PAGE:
emotional eating v binge eating
Binge Eating

What is the difference between Emotional Eating & Binge Eating?

September 30, 2020

Ryann Nicole

Hi, I’m Ryann.

Your Not-So-Average Food Freedom Therapist & Virtual Coach. As a Licensed Professional Counselor (LPC), Certified Nutritionist with a BA in Psychology, and a MA in Professional Counseling, yes I do a little of the "so how does that make you feel".

But my ultimate goal is to provide you with the resources you need, in an easy-to-understand way, on healing your disordered relationship with food and your body. 

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Binge Eating

Healthy Habits

Body Image

Emotional Eating

Mental Health 

Throughout this pandemic, it seems like emotional eating and binge eating have been hot topics of conversation. The two are said interchangeably and mixed and matched, which might leave you thinking, “is there a difference?” I firmly believe that you must first understand what you are doing before changing your behavior. So, I am hoping to clear things up for you in this post today! 

Emotional Eating

Emotional eating is eating to fill an emotional need. This can be when you are sad or upset, but it is not always. Let's take the cake as an example. We use cake to celebrate many things. Cake provides no nutritional value, but we eat it and enjoy it when celebrating. In this instance, this cake fills the emotional need to celebrate. 

Emotional eating is two-fold:

  1. Eating for pleasure
  2. Eating to soothe uncomfortable feelings

Binge Eating 

On the other hand, binge eating is our body's response to perceived or actual deprivation. Real deprivation most of us are familiar with. This is not allowing your body to have any carbohydrates, sugar, processed foods, etc. It is a form of restriction.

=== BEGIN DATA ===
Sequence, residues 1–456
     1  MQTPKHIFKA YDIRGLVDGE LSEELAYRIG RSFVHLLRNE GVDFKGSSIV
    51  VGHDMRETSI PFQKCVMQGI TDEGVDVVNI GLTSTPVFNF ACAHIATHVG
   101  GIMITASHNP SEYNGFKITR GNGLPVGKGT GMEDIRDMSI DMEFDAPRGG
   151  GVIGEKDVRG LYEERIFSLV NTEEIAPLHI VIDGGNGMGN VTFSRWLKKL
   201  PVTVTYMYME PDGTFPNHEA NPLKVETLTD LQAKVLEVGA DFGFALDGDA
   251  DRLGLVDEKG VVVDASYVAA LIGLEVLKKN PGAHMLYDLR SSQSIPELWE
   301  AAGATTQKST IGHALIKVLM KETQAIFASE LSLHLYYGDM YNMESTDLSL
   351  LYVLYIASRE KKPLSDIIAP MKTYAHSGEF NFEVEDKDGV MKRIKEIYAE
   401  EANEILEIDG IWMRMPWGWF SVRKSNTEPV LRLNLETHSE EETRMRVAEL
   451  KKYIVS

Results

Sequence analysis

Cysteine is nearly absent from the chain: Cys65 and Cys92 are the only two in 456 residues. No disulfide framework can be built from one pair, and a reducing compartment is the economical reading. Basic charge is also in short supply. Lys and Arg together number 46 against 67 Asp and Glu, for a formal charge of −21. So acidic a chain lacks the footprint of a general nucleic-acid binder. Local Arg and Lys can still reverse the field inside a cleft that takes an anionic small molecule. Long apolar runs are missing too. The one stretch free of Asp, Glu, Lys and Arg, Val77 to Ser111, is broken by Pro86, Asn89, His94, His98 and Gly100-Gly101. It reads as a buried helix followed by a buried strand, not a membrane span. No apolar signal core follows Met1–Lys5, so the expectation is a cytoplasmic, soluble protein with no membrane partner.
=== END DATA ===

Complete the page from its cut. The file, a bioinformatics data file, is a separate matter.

Perceived deprivation, however, is something we're unaware of. This is allowing yourself to eat the food but not necessarily allowing yourself to experience the food. For example, you allow yourself to have a cookie, but as you eat the cookie, you automatically feel guilty, think of the calories, and think of what you're going to need to do to work it off… And before you know it, the cookie is gone, and you can't even remember what it tasted like. 

Most definitions of binge eating do not recognize that binge eating has little to do with the amount of food and more to do with the way we consume the food. The cause and motivation behind the binge classify it as a binge. Shoving crackers into your mouth fast before anybody sees acts as a binge, not necessarily just eating a whole box of crackers at the table. 

When looking at eating patterns, we must first address binge eating because it creates the ultimate shame around food. Once you address binge eating, then you can look at emotional eating. If you are struggling with this, please know you are not alone! 

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